## Lesson 2: Contour Lines, Texture and Construction

##### 2:37 AM, Friday July 2nd 2021

Hi this my work from lesson 2. Please don't hesitate to tell me anything you think I could need. Thanks for helping me to improve!!!

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##### 7:40 AM, Sunday July 4th 2021

I'll be the TA handling your Lesson 2 critique.

You're making progress towards understanding the concepts introduced in this lesson and hopefully this critique will help you in your future attempts.

• Starting off in the arrows section your lines are looking smoothly and confidently drawn. There are spots where your arrows bulge/narrow suddenly, this is an issue because it gives the impression that your arrows are stretching which hurts their solidity. Remember that as our arrows move closer to the viewer we want them to widen consistently. It's good to see that you're trying to implement line weight, just remember that you want to keep your applications subtle and you'll become consistent with mileage. here are some things to look out for when applying it. I'd like you to experiment more with foreshortening in your future attempts, by utilizing it in both the arrows themselves as well as the negative space between their curves we can create a stronger illusion of an object moving through 3D space as demonstrated here.

• Moving into the organic forms with contours exercise you're doing a good job keeping your forms simple, plenty of people tend to over-complicate them. You're keeping your line work confident here which is great, if you feel uncomfortable working with contours still don't stress with more mileage it'll become more natural. Speaking of contours you're doing a good job trying to shift the degree of your contours so far, be sure to keep experimenting. The degree of a contour line basically represents the orientation of that cross-section in space, relative to the viewer, and as we slide along the sausage form, the cross section is either going to open up (allowing us to see more of it) or turn away from the viewer (allowing us to see less), as shown here.

• In the texture exercises (more so in the dissections) at times you're focusing on outlines, form shadows and negative space rather than cast shadows created by forms along the texture itself (strawberries, and cobblestone are examples of this). This makes it difficult to create gradients with implied information which we could then use to create focal points in more complex pieces, by doing so we can prevent our viewers from being visually overwhelmed with too much detail. For more on the importance of focusing on cast shadows read here. I'd also like to quickly direct you to this image which shows that when we're working with thin line like textures if we outline and fill the shadow we will create a much more dynamic texture than simply drawing lines.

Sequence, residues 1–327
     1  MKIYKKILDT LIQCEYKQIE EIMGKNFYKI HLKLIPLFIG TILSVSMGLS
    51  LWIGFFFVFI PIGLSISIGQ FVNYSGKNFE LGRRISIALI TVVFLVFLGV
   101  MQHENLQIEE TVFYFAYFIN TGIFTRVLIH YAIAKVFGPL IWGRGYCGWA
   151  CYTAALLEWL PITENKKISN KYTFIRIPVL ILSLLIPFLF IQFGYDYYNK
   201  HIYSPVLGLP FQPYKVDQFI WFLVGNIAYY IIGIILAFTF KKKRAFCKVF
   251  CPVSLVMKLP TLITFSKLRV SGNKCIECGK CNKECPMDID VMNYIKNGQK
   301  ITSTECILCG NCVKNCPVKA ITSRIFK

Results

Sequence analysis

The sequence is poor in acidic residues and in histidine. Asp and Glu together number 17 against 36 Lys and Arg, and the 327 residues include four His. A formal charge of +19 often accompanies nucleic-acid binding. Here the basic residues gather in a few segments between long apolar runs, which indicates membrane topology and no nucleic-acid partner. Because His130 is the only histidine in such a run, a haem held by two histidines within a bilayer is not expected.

• It's quite common for people to feel like they don't fully grasp the form intersections exercise, if you feel like you may fall into this category try not to stress too much. This exercise is just meant to get students to start thinking about how their forms relate to one another in 3D space, and how to define those relationships on the page. We'll be going over them more in the upcoming lessons. Your forms are looking quite solid here and they believably appear to belong in the same cohesive 3D space, good work you're on the right track.

Overall this was a solid submission, while you may have some things to work on I have no doubt you will improve with more mileage. I'll be marking your submission as complete and moving you on to the next lesson.

Keep practicing previous exercises as warm ups and good luck in lesson 3!

Next Steps:

Keep practicing previous exercise as warm ups.

Move on to lesson 3.

This critique marks this lesson as complete.
##### 1:51 PM, Sunday July 4th 2021

Hi Tofu. Thanks for the feedback! I will try to make the most of it.

You're making me see things I didn't notice like texture, and the fact that I was focused on negative space.